Psalms For Life
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Yahveh Elohim hear our prayers

Psalm 110

A question of authority

In David’s day, as today, people certain they knew better than God militantly opposed his plan for his world. So God promised to make his Messiah a royal priest, that being vital to his success.

A David psalm.

YHWH’s word to my master was this:
“Sit enthroned at my right hand
while I make your enemies your footstool.”
2 YHWH will extend
your powerful scepter from Zion.
Now, subdue your enemies on every side!
3 Your people will freely rally to battle
on the day you assemble your forces
resplendent in holy armor.
You’ll fight with all the vigor of youth
fresh as the morning dew.

4 YHWH has sworn
an oath he’ll never revoke:
“You are a priest forever
in Melchizedek’s line.”
5 God is on your right
decimating rebel kings
on the day when he vents his anger.
6 He brings the nations to justice:
stacking corpses up everywhere
he crushes heads the world over.
7 Then drinking from a brook along the way
he stands, head held high.

David writes about his descendant, the one the prophet Nathan had promised would reign forever. By placing this psalm in Book V, the Psalms compiler clearly assures post-exilic Jews that Nathan’s prophecy would yet be fulfilled in David’s greater son, even though Israel’s unfaithfulness had brought David’s dynasty to an end.

The psalm is built around two divine utterances. First, God exalts his chosen king to the place of highest honor, promising him complete victory. This will play out in the king’s loyal subjects rallying freely behind him, suited in holy armor and strengthened for battle.

Second, while Israel’s kings weren’t typically priest-kings, like Canaan’s kings were, God installs this king as priest forever, connecting him with Melchizedek. Since Melchizedek served as Abram’s priest, his priestly order predates that of Aaron. With God fighting beside him, he experiences total victory, terminating the endless seesaw between Israel’s kings and their neighbors who opposed God’s claims on them and the earth. In fact, so complete is this king’s victory that he enjoys sweet refreshment afterward.

The king’s installation as priest points to the Messiah’s upending of “politics as usual,” seen in Jesus’ subversion of all authority—religious and political—opposing his reign. God clearly doesn’t serve our self-seeking politics. Rather, we must submit all of life to him. The New Testament also connects the dots between the Messiah-king’s victory and his priesthood: he triumphed and opened the way for us to God by laying down his life. Only thus are we clothed in holy, Christlike armor. Only thus do we triumph as he did.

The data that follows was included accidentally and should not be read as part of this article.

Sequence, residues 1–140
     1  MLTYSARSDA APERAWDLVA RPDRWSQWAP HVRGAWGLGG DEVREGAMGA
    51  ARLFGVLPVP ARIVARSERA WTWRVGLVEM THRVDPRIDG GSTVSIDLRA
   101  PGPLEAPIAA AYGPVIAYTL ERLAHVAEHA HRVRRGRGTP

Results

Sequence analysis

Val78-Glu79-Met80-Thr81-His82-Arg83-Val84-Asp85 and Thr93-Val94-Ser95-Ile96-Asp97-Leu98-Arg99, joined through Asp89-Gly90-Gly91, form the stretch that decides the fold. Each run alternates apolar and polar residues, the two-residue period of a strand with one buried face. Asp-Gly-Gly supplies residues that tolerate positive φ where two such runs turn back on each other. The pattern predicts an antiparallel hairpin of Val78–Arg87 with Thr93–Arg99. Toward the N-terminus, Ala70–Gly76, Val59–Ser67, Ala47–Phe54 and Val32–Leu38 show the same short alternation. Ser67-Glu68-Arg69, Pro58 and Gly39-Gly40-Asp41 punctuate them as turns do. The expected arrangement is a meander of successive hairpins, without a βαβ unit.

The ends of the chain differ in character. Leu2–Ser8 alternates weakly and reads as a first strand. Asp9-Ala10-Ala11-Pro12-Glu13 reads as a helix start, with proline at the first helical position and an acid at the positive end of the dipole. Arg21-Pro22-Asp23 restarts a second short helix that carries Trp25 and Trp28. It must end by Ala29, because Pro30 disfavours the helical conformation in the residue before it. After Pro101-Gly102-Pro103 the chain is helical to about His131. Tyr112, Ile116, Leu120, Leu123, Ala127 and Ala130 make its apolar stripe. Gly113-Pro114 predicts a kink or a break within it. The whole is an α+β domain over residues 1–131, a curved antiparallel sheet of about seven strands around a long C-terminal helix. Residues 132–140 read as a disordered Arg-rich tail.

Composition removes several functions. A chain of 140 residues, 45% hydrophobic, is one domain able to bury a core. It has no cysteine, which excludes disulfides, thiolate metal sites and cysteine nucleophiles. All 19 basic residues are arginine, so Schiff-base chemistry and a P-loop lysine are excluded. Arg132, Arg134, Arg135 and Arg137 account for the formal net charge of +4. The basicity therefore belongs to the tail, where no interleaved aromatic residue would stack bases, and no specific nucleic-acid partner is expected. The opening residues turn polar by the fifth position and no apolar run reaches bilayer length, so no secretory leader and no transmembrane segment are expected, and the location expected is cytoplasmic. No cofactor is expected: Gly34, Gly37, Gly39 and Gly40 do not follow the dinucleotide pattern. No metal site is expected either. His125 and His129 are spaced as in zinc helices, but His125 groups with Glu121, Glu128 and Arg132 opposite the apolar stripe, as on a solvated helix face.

Jesus, as priest, you opened the door to God for all who came to you—prostitutes, lepers, quislings. You were crucified not for mouthing pious platitudes, but for challenging all who resisted your holy grace. And yet you triumphed! Empower me, Lord, to triumph as I follow your gracious lead. Amen.

During your free moments today, meditate on these words:

YHWH has sworn
an oath he’ll never revoke:
“You are a priest forever
in Melchizedek’s line.”

Why YHWH?

Every translator of the Psalms must decide how to handle God’s personal name, YHWH or YHVH, which occurs repeatedly in its Hebrew text. Translators of the King James Version usually translated it “LORD” (all caps) and sometimes transliterated it (badly) as “Jehovah.” Likewise, all modern translations either translate or transliterate it. Some other options for translating it are “the Eternal,” “the Almighty,” or “the Sovereign Lord.”

While translating it aims to make it more accessible to readers, transliterating it seems to me more faithful to the text since it’s not a word at all, but rather God’s uniquely personal name. This roots it more firmly in the biblical story as the name God revealed to Moses on Mount Sinai. Meaning “the self-existent One who answers to no one,” the name YHWH set Israel’s God apart from all the gods of Israel’s neighbors.

Personal names are, well, very personal. Even the sound of a name can evoke strong emotion. I’ve chosen to transliterate only YHWH’s consonants since the earliest Hebrew manuscripts contain only consonants, the vowels being added much later. My aim in doing so is to honor God’s name and set it apart, as unique.

One problem with YHWH is that we aren’t sure how it was pronounced since Jews long ago stopped saying it out of reverence. (They read Adonai instead whenever they come to YHWH in the text.) I take the advice of my esteemed Hebrew professor, Raymond Dillard, who advocated pronouncing it as Yahveh (Yah·vay). He favored that over the standard Yahweh since the modern Hebrew pronunciation of its third consonant makes the name sound more robustly Jewish. It also makes it sound more robust, period.

Finding strength in the ancient psalms

May these psalms be a light to you in dark times. You can read more of Mark Anderson's writings on Christianity, culture, and inter-faith dialogue at Understanding Christianity Today.